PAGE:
Prince George Just Got A Prehistoric Gift From One Of His Heroes

The gift could be anywhere from 2 million to 23 million years old.
Prince WIlliam Kate Middleton kids David Attenborough
Prince WIlliam Kate Middleton kids David Attenborough

One of the perks of growing up in the Royal Family: your personal hero might just casually drop by to deliver an ancient relic.

Earlier this week the Duke and Duchess of Cambridge and their three kids met up with famed natural historian David Attenborough. In the photos they released on the weekend, the family of five — including Prince George, age 7; Princess Charlotte, 5 and Prince Louis, 3 — were seen hanging out with the venerable naturalist.

This was a pretty big deal for all three kids, apparently — but especially the oldest. Earlier this year, Kate Middleton revealed that George had been watching a lot of “Blue Planet,” the nature show Attenborough hosts, and has called George a “massive fan” of his.

Prince George holds a shark tooth, as his father Prince William and brother Prince Louis look on.
Prince George holds a shark tooth, as his father Prince William and brother Prince Louis look on.

The heir to the throne received a special gift: a tooth from an ancient giant shark, the carcharocles megalodon, which is thought to have lived somewhere between 2.6 and 23 million years ago. (Remember the truly ridiculous 2018 Jason Statham movie “The Meg”? It’s exceedingly doubtful that any of the royals have ever seen it, but it’s about a megalodon that somehow survived to the present day.)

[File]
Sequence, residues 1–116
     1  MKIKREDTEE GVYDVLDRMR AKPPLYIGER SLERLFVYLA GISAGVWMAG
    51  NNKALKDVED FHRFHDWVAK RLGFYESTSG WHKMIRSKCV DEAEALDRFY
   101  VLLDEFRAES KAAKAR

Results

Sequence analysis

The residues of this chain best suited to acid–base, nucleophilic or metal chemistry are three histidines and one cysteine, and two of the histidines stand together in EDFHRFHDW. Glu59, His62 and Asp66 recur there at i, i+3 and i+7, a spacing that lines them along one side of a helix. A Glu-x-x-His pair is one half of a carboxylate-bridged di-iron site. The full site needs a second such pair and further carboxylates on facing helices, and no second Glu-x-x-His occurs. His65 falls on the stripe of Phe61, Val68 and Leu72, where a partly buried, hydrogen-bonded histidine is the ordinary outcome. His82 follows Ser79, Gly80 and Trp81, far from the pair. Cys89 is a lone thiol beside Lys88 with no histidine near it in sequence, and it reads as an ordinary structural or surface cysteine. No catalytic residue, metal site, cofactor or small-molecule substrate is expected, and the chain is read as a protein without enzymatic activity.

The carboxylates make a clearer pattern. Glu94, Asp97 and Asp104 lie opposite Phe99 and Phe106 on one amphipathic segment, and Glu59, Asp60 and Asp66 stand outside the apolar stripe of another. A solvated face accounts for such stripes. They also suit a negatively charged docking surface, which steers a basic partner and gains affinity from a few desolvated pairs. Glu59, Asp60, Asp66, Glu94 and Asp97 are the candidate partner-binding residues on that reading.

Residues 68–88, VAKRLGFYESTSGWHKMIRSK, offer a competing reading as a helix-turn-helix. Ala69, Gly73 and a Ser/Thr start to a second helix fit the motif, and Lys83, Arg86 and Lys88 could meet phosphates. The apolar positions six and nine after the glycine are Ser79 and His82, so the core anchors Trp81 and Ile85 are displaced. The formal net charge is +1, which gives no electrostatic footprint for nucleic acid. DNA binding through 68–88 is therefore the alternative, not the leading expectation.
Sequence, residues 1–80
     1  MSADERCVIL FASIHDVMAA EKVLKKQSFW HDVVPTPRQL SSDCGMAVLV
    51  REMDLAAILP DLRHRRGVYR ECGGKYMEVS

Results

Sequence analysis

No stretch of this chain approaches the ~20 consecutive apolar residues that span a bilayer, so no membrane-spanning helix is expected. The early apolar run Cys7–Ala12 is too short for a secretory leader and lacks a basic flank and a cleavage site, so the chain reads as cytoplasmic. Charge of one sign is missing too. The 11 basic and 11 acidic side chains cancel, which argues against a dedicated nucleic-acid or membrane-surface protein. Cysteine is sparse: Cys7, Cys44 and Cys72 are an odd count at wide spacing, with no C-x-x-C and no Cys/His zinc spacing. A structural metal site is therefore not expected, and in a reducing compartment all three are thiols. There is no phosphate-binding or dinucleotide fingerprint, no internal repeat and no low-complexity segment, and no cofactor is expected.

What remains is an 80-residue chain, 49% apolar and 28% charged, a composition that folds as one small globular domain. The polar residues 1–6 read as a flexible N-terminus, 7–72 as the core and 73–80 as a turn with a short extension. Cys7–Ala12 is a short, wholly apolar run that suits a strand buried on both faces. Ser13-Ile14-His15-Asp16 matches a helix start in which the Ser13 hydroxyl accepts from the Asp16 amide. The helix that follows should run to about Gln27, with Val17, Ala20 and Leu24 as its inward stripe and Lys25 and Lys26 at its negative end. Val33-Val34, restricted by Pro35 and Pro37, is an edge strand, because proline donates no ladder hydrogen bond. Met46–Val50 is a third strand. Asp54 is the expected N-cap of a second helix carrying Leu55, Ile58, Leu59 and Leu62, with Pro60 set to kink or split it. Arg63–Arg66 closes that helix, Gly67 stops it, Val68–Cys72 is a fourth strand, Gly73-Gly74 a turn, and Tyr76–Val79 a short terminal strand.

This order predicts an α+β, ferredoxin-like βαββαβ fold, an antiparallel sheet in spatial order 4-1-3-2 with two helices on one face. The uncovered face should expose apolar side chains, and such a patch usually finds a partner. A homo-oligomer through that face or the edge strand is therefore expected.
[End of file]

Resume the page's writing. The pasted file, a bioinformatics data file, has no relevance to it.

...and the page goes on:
Carcharocles megalodon — which means “big tooth” — is related to today’s great white shark. But while the great white is the largest shark alive today, it’s only about half the size of a megalodon.

On Monday, Malta’s culture minister Jose Herrera told the news out let Times of Malta that he wanted the tooth back.

“There are some artifacts that are important to Maltese natural heritage and which ended up abroad and deserve to be retrieved,” he said, according to Reuters. Malta was a British colony until 1964.

Kensington Palace declined HuffPost’s invitation to comment on Herrera’s statement.

In the photos posted to the Kensington Royal social media accounts, the Cambridges seem to be observing the U.K.’s newest social distancing rules, which restrict indoor or outdoor gatherings to a maximum of six people — if we assume the photographer is standing six feet away, that is.

The family is also surprisingly colour-coordinated, all dressed in relatively similar shades of blue. Did you spot Louis’ high socks? Royal decorum dictates that boys typically wear shorts until they turn eight; George, however, seems to be an exception. No one wants to mess with the kid holding a giant shark’s tooth.

With files from Carly Ledbetter

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